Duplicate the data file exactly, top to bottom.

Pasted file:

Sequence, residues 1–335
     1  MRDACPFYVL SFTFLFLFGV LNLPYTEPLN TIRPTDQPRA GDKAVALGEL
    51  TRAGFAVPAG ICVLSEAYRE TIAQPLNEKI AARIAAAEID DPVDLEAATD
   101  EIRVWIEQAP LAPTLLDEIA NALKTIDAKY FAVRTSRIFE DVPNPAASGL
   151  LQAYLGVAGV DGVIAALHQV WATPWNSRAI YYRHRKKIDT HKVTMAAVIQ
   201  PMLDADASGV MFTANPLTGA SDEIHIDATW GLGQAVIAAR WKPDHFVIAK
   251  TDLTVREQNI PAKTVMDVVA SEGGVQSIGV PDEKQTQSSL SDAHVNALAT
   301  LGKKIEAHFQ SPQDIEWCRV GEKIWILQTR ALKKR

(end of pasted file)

Sequence, residues 1–335
     1  MRDACPFYVL SFTFLFLFGV LNLPYTEPLN TIRPTDQPRA GDKAVALGEL
    51  TRAGFAVPAG ICVLSEAYRE TIAQPLNEKI AARIAAAEID DPVDLEAATD
   101  EIRVWIEQAP LAPTLLDEIA NALKTIDAKY FAVRTSRIFE DVPNPAASGL
   151  LQAYLGVAGV DGVIAALHQV WATPWNSRAI YYRHRKKIDT HKVTMAAVIQ
   201  PMLDADASGV MFTANPLTGA SDEIHIDATW GLGQAVIAAR WKPDHFVIAK
   251  TDLTVREQNI PAKTVMDVVA SEGGVQSIGV PDEKQTQSSL SDAHVNALAT
   301  LGKKIEAHFQ SPQDIEWCRV GEKIWILQTR ALKKR